Streets of Campustown filled with students for “801 day”


People stand out on balconies looking over Campustown celebrating the Saturday before classes.

Katherine Kealey, Editor in Chief

Ryan Wendl, age 19, is one of many people who traveled from other cities to Ames to celebrate the Saturday before school starts at Iowa State known as “801 day.” 

Wendl is from Carroll, Iowa, and he does not go to Iowa State. He and his friends came to Ames equipped with cooler backpacks to carry their beverages. On “801 day,” students typically drink alcohol and party starting at 8:01 a.m. and lasting until 2 a.m. the Sunday before classes. 

“It was a late start…” Wendl said. “My alarm went off at 6:30 but I just kept declininglike snooze. And then it was 8:10, and I was behind, so I just started pounding them down.”

Wendl said he and his friends planned to party all day and hit the bars at night. 

Es Tas Bar and Grill opened at 11 a.m. Saturday. General manager Ben Kooker participated in 801 while he attended Iowa State, but now that he has graduated, he is working instead. The restaurant is offering food and drink specials all Saturday long.

“We got a lot of staff, and we are 21 plus all day,” Kooker said. “We are just kind of loading up on lime, hot sauce and beer, stuff like that to get ready for the day.”

Even with increased fines for nuisance party infractions, by 10 a.m. the streets of Campustown were crowded with hundreds of students. Fines for first-time offenses increased from $100 to $650 after the Ames City Council received multiple complaints from Ames residents according to reporting from the Iowa State Daily.

After waking up at 7 a.m., Max Sutcliffe, a senior studying software engineering, began celebrating at 8:01 a.m. with a Busch Light and breakfast. He was joined by a group of friends walking the streets of Campustown toward a house party. 

Sofia Stumpf, a senior studying biology, woke up at 5:50 a.m. to cook the food. She said even though they do not have many pots and pans in their house, they still served an egg bake, bacon, muffins and a breakfast pizza. 

Sutcliffe, age 21, said he is still worried about the increased fines for tickets. 

“The Ames local government is subsidizing police officers and towing truck companies just to screw over all the people who are paying for it and the students just for celebrating a tradition of Iowa State,” Sutcliffe said. “So I am upset about it a little bit to say the least.” 

Police officers from the city of Ames and Iowa State patrolling the streets during the “801 day” celebration. Jacob Rice/Iowa State Daily

The city has contracts with a towing company to set a standard fee to remove vehicles illegally parked on public property, said Susan Gwiasda, public information officer for the city of Ames.

“We don’t make money off tows, we don’t want to tow vehicles, and we only tow in situations where there is a public safety concern (in this case – emergency vehicle access. In the winter, we tow to completely clear snow routes),” Gwiasda stated in an email response to the Daily. “Having a tow contract ensures a consistent price to the vehicle owner, a standard process for retrieving vehicles, and we work with one business. We don’t subsidize the private tow company nor receive any revenue from the process.”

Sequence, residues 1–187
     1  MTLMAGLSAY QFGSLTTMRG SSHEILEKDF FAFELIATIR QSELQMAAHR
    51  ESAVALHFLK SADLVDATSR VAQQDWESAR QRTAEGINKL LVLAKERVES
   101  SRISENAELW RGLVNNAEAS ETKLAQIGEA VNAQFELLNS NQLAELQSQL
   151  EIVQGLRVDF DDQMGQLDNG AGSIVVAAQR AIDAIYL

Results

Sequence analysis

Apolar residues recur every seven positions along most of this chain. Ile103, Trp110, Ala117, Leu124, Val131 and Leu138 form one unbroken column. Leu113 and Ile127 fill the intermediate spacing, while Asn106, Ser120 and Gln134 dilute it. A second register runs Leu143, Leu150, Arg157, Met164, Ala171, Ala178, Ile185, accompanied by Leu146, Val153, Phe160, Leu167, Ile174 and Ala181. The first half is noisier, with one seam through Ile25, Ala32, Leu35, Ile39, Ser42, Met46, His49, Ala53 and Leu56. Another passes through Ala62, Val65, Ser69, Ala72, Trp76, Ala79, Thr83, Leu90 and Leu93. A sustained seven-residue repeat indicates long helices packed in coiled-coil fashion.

It costs approximately $70 to pay for a towing fee. The city may also issue $15 parking tickets for illegally parked vehicles. 

“I know some of the bigger parties there can be problems but some of the smaller parties, what is the harm that is really coming to the public in general,” Stumpf said. “I think it is very interesting that they really want to crack down on all of those.”

Iowa State University offered Welcome Weekend with alternative activities for students to participate in on Saturday and Friday. Students can use their student IDs to access free admission to the Furman Aquatic Center, and the university also provided free food. All six students interviewed said they did not know what Iowa State Welcome Weekend was. 

Kayden Kauzlarich is a junior majoring in business and advertising and works for a Campustown apartment. He helped students move in on Saturday. Kauzlarich said he saw cars being towed from St. John’s Episcopal Church.

“Last year I got started at 9; I don’t need to be drinking at 8 so I just start whenever I get up,” Kauzlarich said. “Unfortunately, this year has a little bit of a late start.”

David Pino III is a University of Iowa student who decided to come to Ames for the Saturday before school celebration. He woke up at 6:45 a.m. and was drinking by 7:30 a.m. with a Busch Light for breakfast. Pino also hit the town with a cooler backpack loaded with a 12-pack. 

“We smacked the twisted bag a little bit too,” Pino said. “Breakfast is for not-champions.”

Ethan Rude is a freshman studying construction engineering. He moved to campus Tuesday and heard about 801 before coming to Iowa State. Rude took part in the first day of Destination Iowa State but said he was not sure if he would stop by any campus events on Saturday. 

“I think it is looking a lot like what I thought it would be,” Rude said. “I think it will pick up even more later on.”

Reporting contributed by Amber Mohmand.